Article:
• Chapter 8 Section 4 Paragraph 376 - Any person who obtains a marriage certificate knowing it to be invalid for any reason in secular or canonical law and any person who issues such certificate knowing the marriage to be invalid is punishable by a term of imprisonment not exceeding 7 years or by detention.
  • Chapter 8 Section 3 Paragraph 401 - Any person who commits an immodest act in public is punishable by a period of detention not exceeding 6 months plus a fine not exceeding 50 dinars or by one of those penalties.
  • Chapter 8 Section 3 Paragraph 402 - (a) Any person who makes indecent advances to another man or woman shall be punished by a period of detention not exceeding 3 months plus a fine not exceeding 30 dinars. The penalty will be a period of detention not exceeding 6 months plus a fine not exceeding 100 dinars if the offender, having been previously convicted for such offense, re offends within a year of the date of such conviction.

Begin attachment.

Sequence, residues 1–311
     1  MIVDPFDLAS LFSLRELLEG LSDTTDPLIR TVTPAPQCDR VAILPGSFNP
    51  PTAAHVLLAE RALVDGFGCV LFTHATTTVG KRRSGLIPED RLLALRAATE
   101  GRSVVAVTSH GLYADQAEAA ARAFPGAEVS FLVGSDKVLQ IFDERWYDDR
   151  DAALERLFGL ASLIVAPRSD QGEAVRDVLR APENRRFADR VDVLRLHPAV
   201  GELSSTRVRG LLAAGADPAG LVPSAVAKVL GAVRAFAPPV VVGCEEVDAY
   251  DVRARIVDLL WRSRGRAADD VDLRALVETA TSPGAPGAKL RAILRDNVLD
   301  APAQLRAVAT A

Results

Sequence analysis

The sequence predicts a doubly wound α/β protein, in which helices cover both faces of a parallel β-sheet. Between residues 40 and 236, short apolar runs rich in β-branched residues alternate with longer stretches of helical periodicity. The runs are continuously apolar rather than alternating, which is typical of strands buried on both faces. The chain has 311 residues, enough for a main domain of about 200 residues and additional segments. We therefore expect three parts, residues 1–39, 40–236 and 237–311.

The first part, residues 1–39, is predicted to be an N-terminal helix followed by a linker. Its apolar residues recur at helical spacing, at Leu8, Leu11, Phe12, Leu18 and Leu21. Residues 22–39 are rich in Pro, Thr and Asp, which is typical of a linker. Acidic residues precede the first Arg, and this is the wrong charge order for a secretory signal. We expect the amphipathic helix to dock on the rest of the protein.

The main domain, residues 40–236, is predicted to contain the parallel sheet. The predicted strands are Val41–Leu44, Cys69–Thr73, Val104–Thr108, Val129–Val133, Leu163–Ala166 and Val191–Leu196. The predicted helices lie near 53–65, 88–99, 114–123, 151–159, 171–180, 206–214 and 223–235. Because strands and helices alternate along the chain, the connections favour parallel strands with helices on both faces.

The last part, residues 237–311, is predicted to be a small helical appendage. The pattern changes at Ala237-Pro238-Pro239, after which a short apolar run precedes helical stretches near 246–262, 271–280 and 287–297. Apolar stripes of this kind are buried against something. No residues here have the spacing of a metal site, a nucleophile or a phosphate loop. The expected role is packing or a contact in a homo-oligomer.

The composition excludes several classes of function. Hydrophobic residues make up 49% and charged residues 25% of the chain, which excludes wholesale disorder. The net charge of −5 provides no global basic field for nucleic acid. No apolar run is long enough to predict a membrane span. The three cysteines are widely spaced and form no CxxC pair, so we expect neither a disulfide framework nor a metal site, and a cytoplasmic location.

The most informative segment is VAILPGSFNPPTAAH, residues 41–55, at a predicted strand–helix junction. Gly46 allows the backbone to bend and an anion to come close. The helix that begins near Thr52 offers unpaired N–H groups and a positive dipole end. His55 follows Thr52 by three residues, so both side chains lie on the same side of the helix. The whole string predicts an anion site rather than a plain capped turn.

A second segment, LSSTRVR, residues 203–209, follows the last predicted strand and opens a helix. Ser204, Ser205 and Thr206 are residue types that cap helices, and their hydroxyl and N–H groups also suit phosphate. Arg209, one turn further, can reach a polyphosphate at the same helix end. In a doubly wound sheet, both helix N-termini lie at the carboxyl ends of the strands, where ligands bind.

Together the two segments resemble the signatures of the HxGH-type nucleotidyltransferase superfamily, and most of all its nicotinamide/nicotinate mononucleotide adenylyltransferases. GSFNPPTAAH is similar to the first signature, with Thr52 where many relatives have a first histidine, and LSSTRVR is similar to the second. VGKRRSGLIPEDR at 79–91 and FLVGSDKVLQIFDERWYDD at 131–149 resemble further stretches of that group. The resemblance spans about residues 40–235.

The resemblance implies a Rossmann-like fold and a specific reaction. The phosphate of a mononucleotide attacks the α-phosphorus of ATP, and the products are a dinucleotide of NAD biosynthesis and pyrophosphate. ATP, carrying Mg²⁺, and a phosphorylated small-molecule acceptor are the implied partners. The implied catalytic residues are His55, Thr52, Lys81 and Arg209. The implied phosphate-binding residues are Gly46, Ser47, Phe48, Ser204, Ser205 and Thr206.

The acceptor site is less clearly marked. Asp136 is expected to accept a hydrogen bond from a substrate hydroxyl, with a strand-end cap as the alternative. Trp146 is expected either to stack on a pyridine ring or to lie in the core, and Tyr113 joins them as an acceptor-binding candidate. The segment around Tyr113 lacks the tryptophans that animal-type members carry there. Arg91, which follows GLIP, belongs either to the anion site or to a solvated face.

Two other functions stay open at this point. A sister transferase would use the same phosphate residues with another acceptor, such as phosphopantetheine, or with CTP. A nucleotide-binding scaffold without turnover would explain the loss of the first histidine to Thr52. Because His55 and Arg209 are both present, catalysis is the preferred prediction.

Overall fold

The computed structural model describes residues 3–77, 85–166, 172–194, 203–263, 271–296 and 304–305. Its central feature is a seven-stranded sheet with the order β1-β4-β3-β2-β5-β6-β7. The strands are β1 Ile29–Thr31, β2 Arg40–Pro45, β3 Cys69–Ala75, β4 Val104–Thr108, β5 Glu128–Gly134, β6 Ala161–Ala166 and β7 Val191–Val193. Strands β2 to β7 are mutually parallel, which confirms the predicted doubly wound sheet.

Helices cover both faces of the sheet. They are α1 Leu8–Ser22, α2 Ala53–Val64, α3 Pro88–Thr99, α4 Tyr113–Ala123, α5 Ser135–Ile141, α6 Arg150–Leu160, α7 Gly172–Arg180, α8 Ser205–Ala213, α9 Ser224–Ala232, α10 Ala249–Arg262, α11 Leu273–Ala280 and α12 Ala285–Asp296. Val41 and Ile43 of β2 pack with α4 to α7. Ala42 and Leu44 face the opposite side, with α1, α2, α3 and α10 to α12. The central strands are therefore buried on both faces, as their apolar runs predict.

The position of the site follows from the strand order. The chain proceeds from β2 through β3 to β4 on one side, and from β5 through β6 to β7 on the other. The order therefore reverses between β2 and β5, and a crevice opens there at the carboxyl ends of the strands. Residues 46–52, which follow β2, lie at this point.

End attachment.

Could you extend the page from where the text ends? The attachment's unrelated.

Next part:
• Chapter 8 Paragraph 403 - Any person who produces, imports, publishes, possesses, obtains or translates a book, printed or other written material, drawing, picture, film, symbol or other thing that violates the public integrity or decency with intent to exploit or distribute such material is punishable by a period of detention not exceeding 2 years plus a fine not exceeding 200 dinars or by one of those penalties. Also applies to those people that advertise such material or media.
  • Chapter 8 Paragraph 404 - Any person who himself or through some mechanical means sings or broadcasts in a public place obscene or indecent songs or statements is punishable by a period of detention not exceeding 1 year or by a fine not exceeding 100 dinars.